The food and beverage (F&B) industry has been hit hard by COVID-19 and is now in a period of rapid adjustment and adaptation, with operators reorganising their restaurant offers and expanding their click & collect, kerbside and delivery options.
Over the past months we have talked to a wide range of leading F&B companies about food and beverage trends and how they see the future of dining and what it will take to survive, stay open and succeed.
Few sectors have been as badly hit or fundamentally changed by COVID-19 as the food and beverage industry. Initially forced to close in-store dining during a raft of lockdowns across Europe, more recently F&B operators have been juggling the need to create a great user experience but remain COVID-safe.
More recently, many markets have been back in partial or full in-store closures once again. Indeed, it is a feature of our reporting and updates that many of our respondents were preparing to re-open when we first spoke to them, yet the immediate future is far less certain. Markets and societies are moving at different paces and stages.
While the UK and the US have been two of the hardest hit by the pandemic, they both have tangible roadmaps to opening up their food and beverage businesses. For much of mainland Europe, restrictions may in fact become tighter in the short-term.
Geographically, some F&B industry operators have found themselves in a slightly better position in the food and beverage sector because of their offer and have had to adapt less, despite the COVID-related trends in the food and beverage industry and across the global market. In addition, markets such as Spain and Italy have kept more outlets open at times during the pandemic, with slightly less severe restrictions.
F&B industry sector trends
Our updated report contains information on the latest COVID rules for the F&B sector across the five main Western European markets. Inevitably, these will continue to evolve, as political leaders determine the best ways to protect the health and economy of their nations.
For many in the food & beverage industry this has meant embracing trends in the food and beverage industry that were already apparent – including click & collect, App-ordering, kerbside collection and delivery.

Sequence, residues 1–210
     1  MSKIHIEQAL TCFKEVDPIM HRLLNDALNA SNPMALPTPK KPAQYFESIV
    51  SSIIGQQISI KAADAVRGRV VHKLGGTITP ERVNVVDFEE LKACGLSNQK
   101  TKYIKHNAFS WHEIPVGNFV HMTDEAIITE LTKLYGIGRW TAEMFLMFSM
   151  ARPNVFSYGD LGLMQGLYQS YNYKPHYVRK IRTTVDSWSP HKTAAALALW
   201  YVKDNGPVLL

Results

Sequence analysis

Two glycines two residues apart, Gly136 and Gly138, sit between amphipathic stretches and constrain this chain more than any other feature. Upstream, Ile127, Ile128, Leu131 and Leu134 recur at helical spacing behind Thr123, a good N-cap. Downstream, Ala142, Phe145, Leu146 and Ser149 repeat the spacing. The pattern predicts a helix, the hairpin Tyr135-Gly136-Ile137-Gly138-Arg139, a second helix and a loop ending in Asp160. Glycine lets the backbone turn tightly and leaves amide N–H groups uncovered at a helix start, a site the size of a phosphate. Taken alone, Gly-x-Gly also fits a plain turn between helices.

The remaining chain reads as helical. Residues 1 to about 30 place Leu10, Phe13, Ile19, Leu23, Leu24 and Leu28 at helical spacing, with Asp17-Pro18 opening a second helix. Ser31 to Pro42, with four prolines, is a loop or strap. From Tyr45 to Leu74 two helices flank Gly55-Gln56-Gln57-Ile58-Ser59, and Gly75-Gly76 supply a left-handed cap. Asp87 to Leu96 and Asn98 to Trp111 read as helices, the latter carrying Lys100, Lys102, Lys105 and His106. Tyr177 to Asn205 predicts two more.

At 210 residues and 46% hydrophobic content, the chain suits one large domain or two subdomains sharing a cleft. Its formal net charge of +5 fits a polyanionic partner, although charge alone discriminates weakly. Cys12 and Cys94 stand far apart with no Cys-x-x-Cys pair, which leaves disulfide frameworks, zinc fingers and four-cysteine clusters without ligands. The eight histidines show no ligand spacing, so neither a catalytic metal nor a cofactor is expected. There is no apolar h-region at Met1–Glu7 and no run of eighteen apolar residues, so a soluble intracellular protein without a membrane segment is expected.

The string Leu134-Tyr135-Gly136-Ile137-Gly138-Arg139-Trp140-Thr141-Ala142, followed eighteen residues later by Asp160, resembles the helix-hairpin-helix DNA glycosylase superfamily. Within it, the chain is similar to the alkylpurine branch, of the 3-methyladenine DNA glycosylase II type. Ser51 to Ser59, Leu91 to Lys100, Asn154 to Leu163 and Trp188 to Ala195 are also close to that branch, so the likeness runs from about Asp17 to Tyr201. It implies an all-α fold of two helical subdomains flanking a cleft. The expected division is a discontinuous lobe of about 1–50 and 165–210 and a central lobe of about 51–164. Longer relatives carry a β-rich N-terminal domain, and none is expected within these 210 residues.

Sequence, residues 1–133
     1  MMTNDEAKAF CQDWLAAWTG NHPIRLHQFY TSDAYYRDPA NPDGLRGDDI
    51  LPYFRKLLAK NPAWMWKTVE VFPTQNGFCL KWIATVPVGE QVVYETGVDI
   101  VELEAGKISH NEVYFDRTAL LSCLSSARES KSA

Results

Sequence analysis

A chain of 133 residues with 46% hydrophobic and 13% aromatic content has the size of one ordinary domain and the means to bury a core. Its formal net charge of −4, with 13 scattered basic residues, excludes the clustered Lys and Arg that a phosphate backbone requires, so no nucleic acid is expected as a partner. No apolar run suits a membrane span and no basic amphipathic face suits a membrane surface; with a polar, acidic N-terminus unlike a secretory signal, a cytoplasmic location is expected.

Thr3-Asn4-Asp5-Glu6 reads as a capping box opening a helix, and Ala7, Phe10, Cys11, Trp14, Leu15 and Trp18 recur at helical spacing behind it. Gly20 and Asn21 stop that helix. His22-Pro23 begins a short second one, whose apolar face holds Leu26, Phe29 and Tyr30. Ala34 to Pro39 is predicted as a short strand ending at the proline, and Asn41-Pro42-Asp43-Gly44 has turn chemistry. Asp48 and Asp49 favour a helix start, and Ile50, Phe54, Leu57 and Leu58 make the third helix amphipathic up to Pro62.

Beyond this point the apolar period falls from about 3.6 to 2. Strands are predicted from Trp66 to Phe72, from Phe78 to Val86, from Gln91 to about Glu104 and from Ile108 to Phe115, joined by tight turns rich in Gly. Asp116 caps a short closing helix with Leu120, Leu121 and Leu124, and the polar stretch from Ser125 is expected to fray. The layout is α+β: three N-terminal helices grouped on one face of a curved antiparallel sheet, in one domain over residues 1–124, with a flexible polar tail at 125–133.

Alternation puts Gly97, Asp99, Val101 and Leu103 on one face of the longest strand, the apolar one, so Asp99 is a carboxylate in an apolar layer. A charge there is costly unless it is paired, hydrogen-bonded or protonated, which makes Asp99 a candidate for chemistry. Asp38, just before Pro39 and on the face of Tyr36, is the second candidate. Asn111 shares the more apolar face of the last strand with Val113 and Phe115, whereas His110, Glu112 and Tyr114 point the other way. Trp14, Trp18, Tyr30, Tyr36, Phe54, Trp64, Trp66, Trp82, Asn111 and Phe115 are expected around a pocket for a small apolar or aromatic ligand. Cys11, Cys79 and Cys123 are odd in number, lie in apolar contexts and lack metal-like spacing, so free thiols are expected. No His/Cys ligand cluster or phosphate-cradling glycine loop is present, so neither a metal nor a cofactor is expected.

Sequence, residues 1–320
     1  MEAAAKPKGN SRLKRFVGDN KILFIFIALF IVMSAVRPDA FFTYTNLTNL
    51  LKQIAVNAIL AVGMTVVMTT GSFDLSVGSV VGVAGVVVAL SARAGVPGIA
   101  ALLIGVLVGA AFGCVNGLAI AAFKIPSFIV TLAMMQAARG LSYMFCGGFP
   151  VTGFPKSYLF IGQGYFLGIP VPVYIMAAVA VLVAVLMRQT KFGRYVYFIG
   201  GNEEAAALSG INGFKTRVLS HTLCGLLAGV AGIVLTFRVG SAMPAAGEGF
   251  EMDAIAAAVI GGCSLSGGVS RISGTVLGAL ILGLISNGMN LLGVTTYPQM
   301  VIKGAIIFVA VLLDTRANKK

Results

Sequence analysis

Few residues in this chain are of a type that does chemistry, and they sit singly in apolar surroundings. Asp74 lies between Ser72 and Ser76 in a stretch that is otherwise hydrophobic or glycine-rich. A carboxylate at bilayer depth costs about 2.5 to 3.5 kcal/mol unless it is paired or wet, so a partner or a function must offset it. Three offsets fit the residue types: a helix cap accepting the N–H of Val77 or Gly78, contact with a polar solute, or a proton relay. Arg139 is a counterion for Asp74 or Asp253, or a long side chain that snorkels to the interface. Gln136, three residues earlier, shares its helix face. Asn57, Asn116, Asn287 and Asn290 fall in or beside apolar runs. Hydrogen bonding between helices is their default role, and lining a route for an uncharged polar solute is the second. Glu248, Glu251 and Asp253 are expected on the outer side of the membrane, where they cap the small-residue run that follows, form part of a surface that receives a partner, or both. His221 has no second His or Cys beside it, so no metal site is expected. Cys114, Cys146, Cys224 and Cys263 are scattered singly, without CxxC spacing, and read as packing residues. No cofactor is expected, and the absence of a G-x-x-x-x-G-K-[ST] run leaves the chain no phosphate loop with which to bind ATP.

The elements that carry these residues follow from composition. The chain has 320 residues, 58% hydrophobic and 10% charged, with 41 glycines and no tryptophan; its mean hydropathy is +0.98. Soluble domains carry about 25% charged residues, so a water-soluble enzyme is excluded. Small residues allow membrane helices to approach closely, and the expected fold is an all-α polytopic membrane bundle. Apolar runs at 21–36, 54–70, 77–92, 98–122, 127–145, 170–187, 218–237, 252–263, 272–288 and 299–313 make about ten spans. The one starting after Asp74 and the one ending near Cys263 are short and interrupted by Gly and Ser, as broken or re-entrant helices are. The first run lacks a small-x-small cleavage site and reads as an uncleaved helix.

The pandemic has meant a huge acceleration of these changes and required a rapid response to ensure that new F&B business models make F&B industry operators fit for business as quickly as possible.
Coupled with changes in consumer requirements, the F&B sector has also been experiencing the consequences of all the other lifestyle changes, with working from home largely emptying Europe’s city centres and downtowns and cinema closures, which have been a blow to the many F&B industry operators which base their business around a movie theatre.
Innovation in the F&B sector
As our food & beverage industry report notes, there have also been countless small, pragmatic changes made, from the obvious elements such as masks, sanitising gel, physical distancing, etc, through to a steep increase in the use of digital menus, in-App ordering and contactless payment.
Having introduced or enhanced many of these elements, the challenge now for the F&B industry is to improve and optimise these systems and to shift their business model towards the growth channels of their income streams and the latest F&B trends.
At the same time, they may face further changes, from flexing their offers for further local lockdowns and restrictions to ongoing considerations about where and what their real estate should look like and where it should be located for the food market.
Particularly hard hit has been the travel food and beverage industry, where F&B operators reliant on footfall across airports, train stations and public transport hubs have seen the collapse of traveller numbers.
As Mélanie Guilldou, executive vice president foodservice global, Lagardère Travel – a world-leading operator with three main retail businesses, duty free, travel essentials and food service – said of the impact of COVID-19: “Our business model has completely changed since the beginning of the pandemic. First we are still partly closed – only 60-70% of our outlets and restaurants have reopened over the 39 countries where we operate – and our turnover has decreased by 60% versus last year [reported Autumn 2020]. Our industry being also based on traffic and volume, our business model has hence to be reinvented. Not to be too technical but we have to renegotiate all our contracts, most of them having variable but also fixed rents that we cannot afford anymore.”
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